These books present excellently crafted contemporary songs that are a celebration of and a commentary upon Britain in the second half of the twentieth century. The large coffee-table format features words, music, song notes, drawings and photographs for around 150 and 200 songs from Peggy and Ewan respectively.
I've long held the view that Ewan MacColl was a leader of a resistance to the 'Americanisation' of British culture. Britain had and still has its own songs and music that came from and were sustained by, a rural and urban working class. Ewan and Peggy are in that tradition. In this 'struggle' it is ironic that Ewan's most important collaborator was an American - Peggy Seeger. As she writes, "Ewan and I were life partners, workmates, friends and lovers..."
I recommend them and their books to you!
Roy Bailey - April 2002 BBC Online
"The Peggy Seeger Songbook, Warts and All .... was some time in the creation but is now in print! The joy of possessing this book is enough to make one (me at least) cry. The 149 songs plus one poem are arranged chronologically, showing the year in which each was written, 1956 through 1997. Some years only one or two, sixteen in 1990. There is a temptation to skip some 30 pages of introduction - don't do it, the songs are enriched by knowing of the family, the life and influences. The book is of course excellently indexed: subject, titles, first lines; there's even a glossary for translating English words to American. Besides songs, the book is 'part autobiography, part social and political history.' It's not our part to critique individual songs; it's assumed that most folkies have heard some of them - and here they are with information about the writing of each. Let's just say she is a consummate song writer, absolutely one of the very very best. There are songs of social concerns, love, ecology, women's and men's politics -- what's to mention? If it's in our lives, Peggy has written a song about it.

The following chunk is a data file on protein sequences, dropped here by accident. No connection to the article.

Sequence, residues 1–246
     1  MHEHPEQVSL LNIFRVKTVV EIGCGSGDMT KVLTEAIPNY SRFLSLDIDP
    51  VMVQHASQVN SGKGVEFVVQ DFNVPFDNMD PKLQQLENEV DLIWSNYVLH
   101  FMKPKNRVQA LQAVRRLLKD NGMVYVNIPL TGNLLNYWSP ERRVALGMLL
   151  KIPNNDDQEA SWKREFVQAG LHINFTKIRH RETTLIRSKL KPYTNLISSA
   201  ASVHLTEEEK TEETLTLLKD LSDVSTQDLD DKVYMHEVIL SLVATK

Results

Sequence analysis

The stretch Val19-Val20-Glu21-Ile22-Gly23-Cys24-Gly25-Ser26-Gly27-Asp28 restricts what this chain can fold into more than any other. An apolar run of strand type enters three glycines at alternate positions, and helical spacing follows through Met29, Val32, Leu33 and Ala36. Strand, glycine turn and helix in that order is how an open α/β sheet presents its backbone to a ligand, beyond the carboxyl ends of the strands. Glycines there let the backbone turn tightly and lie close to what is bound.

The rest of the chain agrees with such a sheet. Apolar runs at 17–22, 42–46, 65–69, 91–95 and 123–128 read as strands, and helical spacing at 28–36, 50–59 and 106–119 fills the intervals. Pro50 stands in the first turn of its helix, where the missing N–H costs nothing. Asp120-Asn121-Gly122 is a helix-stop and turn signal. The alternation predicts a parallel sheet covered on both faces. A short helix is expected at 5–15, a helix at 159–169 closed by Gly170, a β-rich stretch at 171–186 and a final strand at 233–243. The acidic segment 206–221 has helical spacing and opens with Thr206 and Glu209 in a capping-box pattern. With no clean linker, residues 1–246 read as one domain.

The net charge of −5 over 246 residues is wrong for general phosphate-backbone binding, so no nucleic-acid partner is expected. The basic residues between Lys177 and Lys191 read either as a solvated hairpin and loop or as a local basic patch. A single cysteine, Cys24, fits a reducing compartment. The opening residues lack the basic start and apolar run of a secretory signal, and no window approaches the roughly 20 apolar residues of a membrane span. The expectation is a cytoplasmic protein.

"It seems to me difficult for anything to enhance the words and music but the illustrations by Jacky Fleming manage to do this. They are absolutely delightful!"
Faith Petric, The Folknik, Vol XXXIV, No. 6, November 1998
International Alliance for Women in Music
The Peggy Seeger Songbook, Warts and All
This is a generous book in size and content (304 pages of music and 36 pages of text), yet it is the short essays by Peggy Seeger that are the gems of the book. She writes about her childhood and what music has meant to her throughout her life, and she relates personal anecdotes and memories. She describes how her mother, composer Ruth Crawford Seeger, taught her children music not with formal lessons but with games and unorthodox ways of using familiar tunes, such as playing a folk song using the entire circle of fifths. The story of her relationship with her father, Charles, and his first family is told with affection, charm and candor. The untimely death of her mother affected Peggy's years at college, as she was responsible for caring for her younger sister and her father.
Seeger also presents practical advice on song writing. She sometimes uses traditional folk songs as a means of creating new versions or borrows ideas from a variety of sources: books, conversations, advertisements and cartoons. The essay, "In Particular," deals with compositional problems as well as processes and techniques she has found interesting or useful. Her account of composing "Guilty" serves as a reminder that the process of creating any musical work involves self-criticism and problem solving.
The songs, which are arranged in chronological order, are charmingly handwritten, and they exhibit the painstaking care of a visual as well as musical artist. Supplementary notes for each song are illuminating, providing the work's history and musical roots. The Peggy Seeger Songbook is stimulating and enjoyable. I highly recommend it to anyone interested in contemporary folk songs, the Seeger family or song writing in general.
Roberta Stephen is a classically trained singer who loves folk songs. She is an educator, composer and arranger, and serves as president of Alberta Keys Music Publishing Company in Calgary, Canada.